Every year, hundreds of predictions are made about the football season ahead. Promotion and relegation candidates are pored over, and it's all a bit pointless because you have no idea what a team will perform like until they step onto the pitch.
Being a cautious type, I always refuse to predict future finishing positions until a quarter of the season has gone, because it is only by then that the lay of the footballing land becomes clearer. All this month, I will be running a series of predictive blogs for each of the top four football leagues, finishing with the Premier League.
With all the biggest, most moneyed guns in the league with various jams and faults in the early parts of the season, and the second tier of ambitious upstarts getting better all the time, it genuinely looks like it could be the tightest title race for a long time. There's no chance of a Leicester repeat - can there ever be? - but this season is set to be intriguing for different reasons.
For all they are wobbling - at the time of writing, they have not won for five games in all competitions - I am backing Manchester City to win the title.
I am a fan of Pep Guardiola, I will hold no truck with those baying for a change in his winning style after one defeat. I think he will have to make tweaks, but he adapted from Spanish football to the Bundesliga, and he can do the same in England.
Of the many runners and riders, I think Arsenal will push City the closest. In the past decade there has always been something stopping the Gunners - a poor goalkeeper, no firepower, substandard defenders, an unbalanced midfield - but this season it is something more simple; Manchester City simply have the better players (except in goal).
Stones is better than Mustafi. De Bruyne is better than Ozil. Aguero is better than Sanchez. Arsenal, in possibly Wenger's last year, will be runners-up again.
I may be accused of short-termism, but after their remarkable 4-0 thrashing of Manchester United, I say Chelsea will come third.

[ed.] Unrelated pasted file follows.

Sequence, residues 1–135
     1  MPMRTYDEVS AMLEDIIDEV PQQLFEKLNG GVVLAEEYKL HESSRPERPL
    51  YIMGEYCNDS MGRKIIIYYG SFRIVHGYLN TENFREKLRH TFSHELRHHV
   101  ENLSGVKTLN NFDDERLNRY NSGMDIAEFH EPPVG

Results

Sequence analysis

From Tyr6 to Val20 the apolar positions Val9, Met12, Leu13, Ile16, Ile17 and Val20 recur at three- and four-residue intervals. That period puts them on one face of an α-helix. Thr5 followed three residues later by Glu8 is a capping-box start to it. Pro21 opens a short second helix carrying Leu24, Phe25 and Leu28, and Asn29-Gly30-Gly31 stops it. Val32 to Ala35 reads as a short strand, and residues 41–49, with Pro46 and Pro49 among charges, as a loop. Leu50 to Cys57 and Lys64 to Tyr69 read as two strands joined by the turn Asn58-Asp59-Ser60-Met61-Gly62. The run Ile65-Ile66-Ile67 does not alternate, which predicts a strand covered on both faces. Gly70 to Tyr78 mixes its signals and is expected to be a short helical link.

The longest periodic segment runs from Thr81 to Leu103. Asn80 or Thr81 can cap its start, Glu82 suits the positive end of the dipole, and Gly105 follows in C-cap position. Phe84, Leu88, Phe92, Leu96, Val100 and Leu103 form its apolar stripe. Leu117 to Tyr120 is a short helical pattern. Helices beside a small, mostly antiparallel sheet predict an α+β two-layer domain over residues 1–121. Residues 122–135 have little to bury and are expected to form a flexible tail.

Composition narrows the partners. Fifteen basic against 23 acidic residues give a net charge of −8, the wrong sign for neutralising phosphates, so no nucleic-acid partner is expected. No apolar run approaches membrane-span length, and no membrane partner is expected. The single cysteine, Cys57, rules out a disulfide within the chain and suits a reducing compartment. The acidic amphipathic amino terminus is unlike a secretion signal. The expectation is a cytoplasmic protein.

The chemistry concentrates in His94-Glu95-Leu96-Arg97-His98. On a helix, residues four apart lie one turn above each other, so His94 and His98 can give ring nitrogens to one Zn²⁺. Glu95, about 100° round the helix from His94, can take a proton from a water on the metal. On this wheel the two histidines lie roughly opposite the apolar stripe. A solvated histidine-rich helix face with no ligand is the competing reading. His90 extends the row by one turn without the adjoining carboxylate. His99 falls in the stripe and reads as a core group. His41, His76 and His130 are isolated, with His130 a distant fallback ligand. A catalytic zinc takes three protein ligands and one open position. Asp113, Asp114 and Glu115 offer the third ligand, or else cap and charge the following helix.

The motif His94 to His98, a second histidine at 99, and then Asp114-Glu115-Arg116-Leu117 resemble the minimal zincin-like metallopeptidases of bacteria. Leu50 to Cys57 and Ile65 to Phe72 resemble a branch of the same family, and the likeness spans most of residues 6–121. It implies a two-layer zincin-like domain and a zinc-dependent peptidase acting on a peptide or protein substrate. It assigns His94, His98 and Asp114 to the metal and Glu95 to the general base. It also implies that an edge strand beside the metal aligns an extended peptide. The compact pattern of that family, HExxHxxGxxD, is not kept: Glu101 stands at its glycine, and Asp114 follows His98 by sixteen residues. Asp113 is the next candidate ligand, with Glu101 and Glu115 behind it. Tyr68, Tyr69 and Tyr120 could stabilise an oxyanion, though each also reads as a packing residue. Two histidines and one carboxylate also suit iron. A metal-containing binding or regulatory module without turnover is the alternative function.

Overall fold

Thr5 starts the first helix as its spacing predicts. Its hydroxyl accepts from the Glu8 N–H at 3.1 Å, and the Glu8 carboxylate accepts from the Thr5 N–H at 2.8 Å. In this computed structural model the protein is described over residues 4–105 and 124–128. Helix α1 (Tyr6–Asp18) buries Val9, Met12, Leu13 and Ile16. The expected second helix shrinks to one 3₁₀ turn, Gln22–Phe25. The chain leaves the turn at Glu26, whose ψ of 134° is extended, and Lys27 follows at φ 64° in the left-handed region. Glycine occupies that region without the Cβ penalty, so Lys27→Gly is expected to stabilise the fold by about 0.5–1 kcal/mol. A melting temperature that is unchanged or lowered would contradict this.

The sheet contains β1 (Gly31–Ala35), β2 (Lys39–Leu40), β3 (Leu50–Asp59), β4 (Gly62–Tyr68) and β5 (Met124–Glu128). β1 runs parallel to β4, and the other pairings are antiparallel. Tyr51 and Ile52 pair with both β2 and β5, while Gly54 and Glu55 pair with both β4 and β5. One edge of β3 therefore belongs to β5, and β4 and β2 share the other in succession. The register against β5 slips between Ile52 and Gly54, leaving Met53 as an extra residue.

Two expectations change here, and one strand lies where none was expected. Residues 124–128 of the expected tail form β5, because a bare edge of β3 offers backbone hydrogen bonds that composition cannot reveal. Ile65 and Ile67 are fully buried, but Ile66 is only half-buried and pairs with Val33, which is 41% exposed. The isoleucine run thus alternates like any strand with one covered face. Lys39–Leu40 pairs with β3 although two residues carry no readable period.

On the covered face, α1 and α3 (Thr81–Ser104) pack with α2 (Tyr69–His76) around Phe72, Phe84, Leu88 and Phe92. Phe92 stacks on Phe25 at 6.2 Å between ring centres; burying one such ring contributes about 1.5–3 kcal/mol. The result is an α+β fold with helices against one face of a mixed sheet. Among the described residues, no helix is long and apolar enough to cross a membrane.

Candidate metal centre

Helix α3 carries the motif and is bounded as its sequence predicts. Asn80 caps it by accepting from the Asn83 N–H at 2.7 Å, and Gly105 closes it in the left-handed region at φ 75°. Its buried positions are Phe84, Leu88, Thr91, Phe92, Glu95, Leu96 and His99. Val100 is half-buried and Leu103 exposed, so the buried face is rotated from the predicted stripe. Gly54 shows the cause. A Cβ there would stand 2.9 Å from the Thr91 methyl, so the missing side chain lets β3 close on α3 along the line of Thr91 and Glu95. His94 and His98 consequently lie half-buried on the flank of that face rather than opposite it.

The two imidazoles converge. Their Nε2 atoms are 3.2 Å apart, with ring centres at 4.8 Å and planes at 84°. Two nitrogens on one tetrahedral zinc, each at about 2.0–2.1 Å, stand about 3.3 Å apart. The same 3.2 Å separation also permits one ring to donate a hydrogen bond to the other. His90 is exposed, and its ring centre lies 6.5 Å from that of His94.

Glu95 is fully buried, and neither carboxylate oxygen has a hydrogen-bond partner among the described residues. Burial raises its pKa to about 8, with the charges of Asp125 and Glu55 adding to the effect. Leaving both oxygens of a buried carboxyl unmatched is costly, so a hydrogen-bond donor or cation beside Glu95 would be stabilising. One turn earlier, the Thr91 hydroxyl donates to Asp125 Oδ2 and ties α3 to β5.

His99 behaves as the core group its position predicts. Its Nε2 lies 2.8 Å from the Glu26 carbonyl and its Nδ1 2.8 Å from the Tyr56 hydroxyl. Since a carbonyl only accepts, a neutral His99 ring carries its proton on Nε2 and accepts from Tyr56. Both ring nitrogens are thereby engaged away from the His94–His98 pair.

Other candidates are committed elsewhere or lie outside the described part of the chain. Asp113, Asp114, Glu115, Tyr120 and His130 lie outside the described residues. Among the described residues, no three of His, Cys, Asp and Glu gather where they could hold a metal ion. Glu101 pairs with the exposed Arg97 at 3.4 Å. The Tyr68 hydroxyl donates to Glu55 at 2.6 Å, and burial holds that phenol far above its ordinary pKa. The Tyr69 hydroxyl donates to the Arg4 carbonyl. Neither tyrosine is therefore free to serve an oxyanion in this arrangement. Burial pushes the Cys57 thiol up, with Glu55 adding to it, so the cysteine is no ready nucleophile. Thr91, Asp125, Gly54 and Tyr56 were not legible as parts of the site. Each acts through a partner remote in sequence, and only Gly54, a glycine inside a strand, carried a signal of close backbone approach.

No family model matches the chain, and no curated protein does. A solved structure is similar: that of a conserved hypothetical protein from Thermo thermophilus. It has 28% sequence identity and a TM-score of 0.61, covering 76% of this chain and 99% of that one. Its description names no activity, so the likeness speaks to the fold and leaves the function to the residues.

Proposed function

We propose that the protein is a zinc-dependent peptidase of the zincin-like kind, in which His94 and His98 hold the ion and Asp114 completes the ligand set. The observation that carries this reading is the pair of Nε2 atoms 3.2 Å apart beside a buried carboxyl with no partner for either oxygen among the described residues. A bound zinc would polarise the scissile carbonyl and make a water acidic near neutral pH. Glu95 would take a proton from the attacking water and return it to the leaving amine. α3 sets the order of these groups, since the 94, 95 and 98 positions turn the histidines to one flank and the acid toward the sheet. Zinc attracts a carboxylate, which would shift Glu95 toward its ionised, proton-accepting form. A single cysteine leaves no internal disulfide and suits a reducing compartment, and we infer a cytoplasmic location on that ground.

After a wobbly start, Conte has done what Ranieri did at Leicester last season - found a string counter attacking formation which suits players who might not have the quality otherwise, which other teams can't deal with. I still think the scars of last season run too deep and, similar to Arsenal, the squad quality is not strong enough, but a return to Champions League football is possible.
Which means one from three for fourth place - Spurs, Liverpool, or Manchester United - and I think Spurs have the best chance.
This is based mostly on the quality of defence - Tottenham have Hugo Lloris, Liverpool have two keepers who look like they would be at home in the Championship. Spurs have Alderweireld and Vertonghen, United have a group of strangers who seem disinclined to tackle the opponents or talk to each other. Spurs for fourth.
At the bottom, I think Sunderland's time is finally up. This is more than their usual early season malaise, this is permanent regression and a worrying return to the days when they got 15 points in a season. When the manager and senior players all acknowledge you have gone backwards this year, you know its a problem.
As for the other two relegation spots, I think it will be two from three of the promoted sides - Burnley, Boro and Hull look less well equipped than most promoted sides in recent years. Hull leak goals like the Titanic leaked icy water, and Burnley seem to lack players with experience, surprisingly given they were at this level two years ago.
Boro have problems, but their defence finally seems to be recovering its Championship form and they have a diamond in Adama Traore, so they will scrape to final day survival.